Think about what happens in nature: the "fight or flight" reaction means that stress hormones flood the body, priming it for some kind of physical action. Sitting most of the day means the stress hormones have nothing to do but re-circulate. Moving your body helps to discharge the effects of all of those stress hormones and reset yourself back to a normal resting state.
9.) Isolate yourself.
It is a wonder that so many have become isolated and alone when we are clearly wired to connect. As the Dalai Lama has said, "We can live without religion and meditation, but we cannot survive without human affection." Meaningful connection doesn't solve everything, but it goes a very long way toward helping us endure the difficult side of life.
10.) Believe that you're in it on your own.
The spiritual traditions give us a consistently reassuring message: "All will be well." But when our brains get locked into anxious patterns, we can't believe that. We see our small, individual selves as being solely responsible for our lives without any support. It is an illusion. If we can see through it, we can tap into a deep well of reassurance and hope.
11.) Watch the news daily.
You've heard that we are what we eat. We may also be what we take in through our eyes and ears. A study in Scandinavia showed that watching the evening news, filled with stories of tragedy, violence or other bad news, had a strong effect on rates of anxiety and depression. Does that mean that we should keep our head in the sand? No, but it may be wise to pay attention to what we are feeding ourselves through our minds, especially when we are going through personally hard times.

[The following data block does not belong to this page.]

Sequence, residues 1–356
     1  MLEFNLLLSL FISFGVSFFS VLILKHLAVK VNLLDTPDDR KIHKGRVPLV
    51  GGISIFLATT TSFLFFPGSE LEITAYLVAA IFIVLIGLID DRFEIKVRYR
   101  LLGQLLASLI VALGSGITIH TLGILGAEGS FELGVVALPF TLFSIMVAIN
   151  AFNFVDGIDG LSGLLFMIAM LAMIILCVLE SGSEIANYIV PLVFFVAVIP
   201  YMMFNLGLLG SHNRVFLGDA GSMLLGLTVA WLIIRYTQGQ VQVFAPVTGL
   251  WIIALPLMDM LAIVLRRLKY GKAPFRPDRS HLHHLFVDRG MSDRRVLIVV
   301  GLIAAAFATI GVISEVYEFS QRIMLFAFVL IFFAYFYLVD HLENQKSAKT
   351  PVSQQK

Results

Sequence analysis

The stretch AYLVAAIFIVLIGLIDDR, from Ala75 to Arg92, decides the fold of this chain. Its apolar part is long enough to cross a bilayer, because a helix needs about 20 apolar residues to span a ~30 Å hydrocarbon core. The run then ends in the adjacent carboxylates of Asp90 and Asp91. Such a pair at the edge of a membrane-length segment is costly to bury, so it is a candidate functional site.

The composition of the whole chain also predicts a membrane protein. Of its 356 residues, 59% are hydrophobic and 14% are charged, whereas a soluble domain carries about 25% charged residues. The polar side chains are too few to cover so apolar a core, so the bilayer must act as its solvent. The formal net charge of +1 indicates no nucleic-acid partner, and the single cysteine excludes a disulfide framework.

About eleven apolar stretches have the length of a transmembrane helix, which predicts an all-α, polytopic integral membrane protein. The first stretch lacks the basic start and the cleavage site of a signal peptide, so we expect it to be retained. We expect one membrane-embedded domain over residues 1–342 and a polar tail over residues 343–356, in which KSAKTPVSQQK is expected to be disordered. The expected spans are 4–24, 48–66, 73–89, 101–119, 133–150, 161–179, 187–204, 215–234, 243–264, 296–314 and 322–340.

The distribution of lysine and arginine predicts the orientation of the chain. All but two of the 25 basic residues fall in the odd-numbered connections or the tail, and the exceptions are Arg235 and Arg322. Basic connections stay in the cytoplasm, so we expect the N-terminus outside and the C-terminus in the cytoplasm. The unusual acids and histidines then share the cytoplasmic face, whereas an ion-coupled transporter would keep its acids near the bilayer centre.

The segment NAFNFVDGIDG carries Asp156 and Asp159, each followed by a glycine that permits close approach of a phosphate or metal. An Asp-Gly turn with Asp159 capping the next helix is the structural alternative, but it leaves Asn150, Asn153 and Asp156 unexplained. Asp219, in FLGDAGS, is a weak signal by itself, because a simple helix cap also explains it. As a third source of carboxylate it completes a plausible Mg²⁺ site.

12.) Play video games.
It should come as no surprise that a game that simulates trauma and violence would put the brain into a state that is similar to the real thing. Researchers have found that common video games do just that. They may even create lasting brain changes so that things don't go right back to normal when the game is done. The news is not all bad for video games, though. Soldiers in Iraq who played an absorbing game like Tetrus shortly after witnessing a trauma were able to protect themselves from developing post-traumatic stress symptoms.
13.) Become addicted to stress.
Some people appear to thrive on stress. They choose to remain overly committed, or constantly create high drama in their lives, and they seem to do fine. But if the stress stops, things begin to crumble. It is as if they have become addicted to stress and the high level of stress hormones that flood their body. Take the stress away, and they go into a form of withdrawal. Since no one can remain stressed forever without consequences, they should heed the warning signs and get a handle on their stress level.
We would do well to avoid what we can of the above pitfalls, but we won't do it perfectly any more than we can keep all of our resolutions to do the right things. If we are in the game of life, stress cannot be avoided. That is all the more reason to become better at dealing with it.
For more information, refer to The Chemistry of Calm or visit my website, www.partnersinresilience.com.